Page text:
Agile Software Development
Published Online: 14 DEC 2007
Copyright © 2007 by John Wiley & Sons, Inc.
Wiley Encyclopedia of Computer Science and Engineering
How to Cite
Williams, L. and Vouk, M. 2007. Agile Software Development. Wiley Encyclopedia of Computer Science and Engineering. .
- Published Online: 14 DEC 2007
Plan-driven methods are those that begin with the solicitation and documentation of a set of requirements that is as complete as possible. Based on these requirements, one can then formulate a plan of development. Usually, the more complete the requirements, the better the plan. Some examples of plandriven methods are various waterfall approaches and others such as the Personal Software Process (PSP) (2, 3) and the Rational Unified Process (RUP) (4, 5). An underlying assumption in plan-driven processes is that the requirements are relatively stable. On the other hand, iterative methods, such as spiral model-based approaches (6, 7), evolutionary processes described in Refs. (8, 11), and recently agile approaches (12) count on change and recognize that the only constant is change. The question is only of the degree and the impact of the change.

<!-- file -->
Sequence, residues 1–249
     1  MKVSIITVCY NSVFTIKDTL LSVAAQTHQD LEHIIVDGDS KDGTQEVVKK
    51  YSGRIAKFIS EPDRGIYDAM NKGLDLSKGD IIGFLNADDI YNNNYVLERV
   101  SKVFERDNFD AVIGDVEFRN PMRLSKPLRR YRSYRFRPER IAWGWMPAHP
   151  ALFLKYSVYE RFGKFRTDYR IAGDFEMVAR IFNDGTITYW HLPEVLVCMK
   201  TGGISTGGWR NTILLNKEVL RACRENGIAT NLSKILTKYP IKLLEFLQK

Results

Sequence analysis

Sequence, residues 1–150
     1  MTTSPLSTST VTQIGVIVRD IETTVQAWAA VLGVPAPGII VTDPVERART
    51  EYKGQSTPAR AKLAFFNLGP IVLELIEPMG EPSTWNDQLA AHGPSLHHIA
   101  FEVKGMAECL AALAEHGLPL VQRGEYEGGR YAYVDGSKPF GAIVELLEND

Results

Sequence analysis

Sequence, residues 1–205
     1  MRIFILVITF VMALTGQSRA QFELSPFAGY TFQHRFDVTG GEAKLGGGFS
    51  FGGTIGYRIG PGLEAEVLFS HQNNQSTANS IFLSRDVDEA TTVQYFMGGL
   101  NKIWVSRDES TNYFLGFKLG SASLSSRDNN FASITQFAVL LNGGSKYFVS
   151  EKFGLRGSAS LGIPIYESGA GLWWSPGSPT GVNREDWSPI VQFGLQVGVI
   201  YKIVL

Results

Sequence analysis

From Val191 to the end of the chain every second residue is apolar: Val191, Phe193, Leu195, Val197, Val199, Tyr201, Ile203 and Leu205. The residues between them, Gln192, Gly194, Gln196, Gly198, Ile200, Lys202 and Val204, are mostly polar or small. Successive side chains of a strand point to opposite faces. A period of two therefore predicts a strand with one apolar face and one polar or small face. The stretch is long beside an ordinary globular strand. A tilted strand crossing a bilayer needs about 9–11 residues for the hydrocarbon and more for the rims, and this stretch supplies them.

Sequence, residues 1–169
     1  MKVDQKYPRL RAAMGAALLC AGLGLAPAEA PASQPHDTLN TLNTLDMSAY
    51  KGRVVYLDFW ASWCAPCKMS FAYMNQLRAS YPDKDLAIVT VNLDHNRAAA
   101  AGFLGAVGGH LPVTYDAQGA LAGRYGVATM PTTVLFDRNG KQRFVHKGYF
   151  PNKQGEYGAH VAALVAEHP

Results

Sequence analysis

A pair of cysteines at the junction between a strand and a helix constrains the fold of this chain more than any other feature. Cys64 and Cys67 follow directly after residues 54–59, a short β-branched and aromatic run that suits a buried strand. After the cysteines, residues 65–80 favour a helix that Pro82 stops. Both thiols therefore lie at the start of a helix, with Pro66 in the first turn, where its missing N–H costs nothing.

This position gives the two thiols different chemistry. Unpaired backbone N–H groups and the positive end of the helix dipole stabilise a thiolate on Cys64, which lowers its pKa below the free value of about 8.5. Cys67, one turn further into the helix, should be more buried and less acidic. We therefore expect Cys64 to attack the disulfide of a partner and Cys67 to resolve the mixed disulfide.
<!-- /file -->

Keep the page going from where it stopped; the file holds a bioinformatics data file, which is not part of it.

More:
Beginning in the mid-1990s, practitioners began finding the rate of change in software requirements increasing well beyond the capabilities of classic development methodologies (1, 13). The software industry, software technology, and customer expectations were moving very quickly, and customers were becoming increasingly less able to fully state their needs up front. As a result, agile methodologies and practices emerged as an explicit attempt to more formally embrace higher rates of requirements change.
In this chapter, we provide background information on agile principles and an overview of three agile methodologies.
- ahile mainfesto;
- extreme prohramming;
- softwere engineering